The prior analysis of this database restricted the analysis to white participants ≥45-years old and focused only on obstructive lung disease as the outcome of interest [3]. In that analysis the comparison group of ‘normal’ subjects included people with both restrictive lung disease and respiratory symptoms, which could have resulted in underestimating the effect of COPD on functional limitations or health status. For example, in the prior analysis the multivariate regression model for fair or poor health status amongst subjects with Stage II or III COPD (roughly corresponding to severe COPD category of the present study) yielded an OR of 2.7 [95% confidence interval (CI) 1.1, 5.8] whereas the present analysis yielded an OR of 5.3 (95% CI 2.0, 13.6), with similar findings for the other end-points [3]. Similarly, none of the models in the prior analysis amongst subjects with Stage 1b COPD (roughly corresponding to moderate COPD category of the present study) were associated with an increased risk of limitations, whereas all the present models, with the exception of ‘Needs help with daily activities’ were.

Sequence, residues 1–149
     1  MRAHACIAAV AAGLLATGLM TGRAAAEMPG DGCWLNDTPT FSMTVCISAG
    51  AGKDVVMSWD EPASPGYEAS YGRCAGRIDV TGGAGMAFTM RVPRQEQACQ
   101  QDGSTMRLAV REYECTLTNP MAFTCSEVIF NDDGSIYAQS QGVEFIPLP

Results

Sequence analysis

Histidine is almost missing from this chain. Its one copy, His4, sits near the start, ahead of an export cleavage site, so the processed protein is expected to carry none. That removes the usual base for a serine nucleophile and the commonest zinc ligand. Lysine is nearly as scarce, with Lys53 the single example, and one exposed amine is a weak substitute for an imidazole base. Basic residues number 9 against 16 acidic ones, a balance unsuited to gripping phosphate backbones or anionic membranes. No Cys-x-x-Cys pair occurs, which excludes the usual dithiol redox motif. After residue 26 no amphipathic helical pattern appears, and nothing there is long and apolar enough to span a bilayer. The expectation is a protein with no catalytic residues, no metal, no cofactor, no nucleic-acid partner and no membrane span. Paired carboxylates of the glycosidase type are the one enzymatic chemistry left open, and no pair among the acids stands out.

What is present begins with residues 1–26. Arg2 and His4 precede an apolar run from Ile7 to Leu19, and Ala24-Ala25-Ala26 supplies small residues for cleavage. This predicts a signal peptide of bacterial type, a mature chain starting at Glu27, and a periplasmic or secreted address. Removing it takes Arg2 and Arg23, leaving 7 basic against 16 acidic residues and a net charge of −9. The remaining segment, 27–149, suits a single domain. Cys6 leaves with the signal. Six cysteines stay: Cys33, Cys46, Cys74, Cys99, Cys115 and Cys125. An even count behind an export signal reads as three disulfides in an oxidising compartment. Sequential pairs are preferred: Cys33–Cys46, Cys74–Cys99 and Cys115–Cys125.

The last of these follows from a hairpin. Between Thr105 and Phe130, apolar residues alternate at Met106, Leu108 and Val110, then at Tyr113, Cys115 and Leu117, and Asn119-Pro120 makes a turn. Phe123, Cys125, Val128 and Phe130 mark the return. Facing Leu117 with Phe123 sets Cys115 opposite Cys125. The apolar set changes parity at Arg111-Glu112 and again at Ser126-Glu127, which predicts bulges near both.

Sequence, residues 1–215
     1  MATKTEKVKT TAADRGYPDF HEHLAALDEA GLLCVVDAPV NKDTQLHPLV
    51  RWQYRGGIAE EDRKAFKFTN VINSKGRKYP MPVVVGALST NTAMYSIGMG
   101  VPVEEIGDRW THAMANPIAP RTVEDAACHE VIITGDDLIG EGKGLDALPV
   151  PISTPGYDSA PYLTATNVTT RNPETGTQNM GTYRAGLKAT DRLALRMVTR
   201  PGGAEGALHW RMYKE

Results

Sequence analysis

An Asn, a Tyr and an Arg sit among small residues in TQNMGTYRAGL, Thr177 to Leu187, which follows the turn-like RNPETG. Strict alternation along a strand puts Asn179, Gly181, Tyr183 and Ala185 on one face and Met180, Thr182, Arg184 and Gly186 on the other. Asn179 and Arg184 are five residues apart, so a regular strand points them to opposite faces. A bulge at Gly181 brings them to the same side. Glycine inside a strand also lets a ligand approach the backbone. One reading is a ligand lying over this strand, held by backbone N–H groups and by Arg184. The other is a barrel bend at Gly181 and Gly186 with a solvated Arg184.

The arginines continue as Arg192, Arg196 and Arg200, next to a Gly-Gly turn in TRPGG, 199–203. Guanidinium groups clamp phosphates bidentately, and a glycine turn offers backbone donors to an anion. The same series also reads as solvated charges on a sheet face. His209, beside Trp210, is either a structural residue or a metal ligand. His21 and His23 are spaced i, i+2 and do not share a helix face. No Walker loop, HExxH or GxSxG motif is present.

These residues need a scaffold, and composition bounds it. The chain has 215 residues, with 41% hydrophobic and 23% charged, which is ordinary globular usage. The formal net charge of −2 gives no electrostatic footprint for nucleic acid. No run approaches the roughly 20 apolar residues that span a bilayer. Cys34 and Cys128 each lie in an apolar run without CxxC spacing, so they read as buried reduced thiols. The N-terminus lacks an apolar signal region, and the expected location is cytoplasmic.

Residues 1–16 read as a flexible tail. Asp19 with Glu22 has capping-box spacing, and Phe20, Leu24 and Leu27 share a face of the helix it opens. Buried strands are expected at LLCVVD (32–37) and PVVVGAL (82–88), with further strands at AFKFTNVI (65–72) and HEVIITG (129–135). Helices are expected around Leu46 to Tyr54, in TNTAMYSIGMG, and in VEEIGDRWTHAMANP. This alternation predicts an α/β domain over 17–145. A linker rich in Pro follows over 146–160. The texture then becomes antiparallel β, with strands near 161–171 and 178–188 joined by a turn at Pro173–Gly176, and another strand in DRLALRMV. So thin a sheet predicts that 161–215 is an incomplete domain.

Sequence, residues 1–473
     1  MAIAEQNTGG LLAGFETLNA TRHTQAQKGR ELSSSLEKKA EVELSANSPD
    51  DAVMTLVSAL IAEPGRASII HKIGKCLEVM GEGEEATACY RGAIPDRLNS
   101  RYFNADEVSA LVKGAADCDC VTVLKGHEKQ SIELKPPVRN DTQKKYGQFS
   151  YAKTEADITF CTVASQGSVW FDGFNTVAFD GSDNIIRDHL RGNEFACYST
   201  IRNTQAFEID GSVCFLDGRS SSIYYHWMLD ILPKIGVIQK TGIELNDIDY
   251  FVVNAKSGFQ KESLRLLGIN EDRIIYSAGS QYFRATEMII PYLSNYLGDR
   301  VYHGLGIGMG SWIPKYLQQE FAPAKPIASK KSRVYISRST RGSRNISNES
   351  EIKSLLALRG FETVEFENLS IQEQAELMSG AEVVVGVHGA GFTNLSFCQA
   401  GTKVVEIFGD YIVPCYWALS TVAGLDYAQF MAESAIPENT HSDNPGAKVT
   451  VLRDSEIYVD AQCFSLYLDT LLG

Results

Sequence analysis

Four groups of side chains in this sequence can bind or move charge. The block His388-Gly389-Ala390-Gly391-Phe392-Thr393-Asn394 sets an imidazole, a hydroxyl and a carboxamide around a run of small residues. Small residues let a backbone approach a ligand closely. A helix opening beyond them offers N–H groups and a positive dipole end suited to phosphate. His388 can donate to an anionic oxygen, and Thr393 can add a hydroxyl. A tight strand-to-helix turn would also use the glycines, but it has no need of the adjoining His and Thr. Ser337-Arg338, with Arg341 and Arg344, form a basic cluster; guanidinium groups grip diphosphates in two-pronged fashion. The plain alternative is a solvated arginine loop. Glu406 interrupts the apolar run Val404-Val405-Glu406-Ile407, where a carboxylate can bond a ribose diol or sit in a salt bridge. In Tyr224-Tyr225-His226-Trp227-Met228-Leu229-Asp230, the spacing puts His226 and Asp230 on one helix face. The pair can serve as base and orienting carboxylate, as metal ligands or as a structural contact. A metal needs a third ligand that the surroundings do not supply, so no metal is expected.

The finding that restrictive lung disease is associated with a higher OR of functional limitations and fair or poor health status is expected. Restriction on spirometry can be related to a variety of aetiologies, including interstitial lung disease, obesity, muscular weakness and small airways disease [4, 18, 19]. The precise determination of restriction requires the measurement of total lung capacity [20] although others have shown that most patients with restriction on spirometry have this confirmed when the total lung capacity is measured [21]. In addition, it is possible that subjects with ‘normal’ lung function who did not complete the test were included in the ‘restrictive’ category. This bias could have the potential to underestimate functional limitation amongst subjects with restrictive disease [22].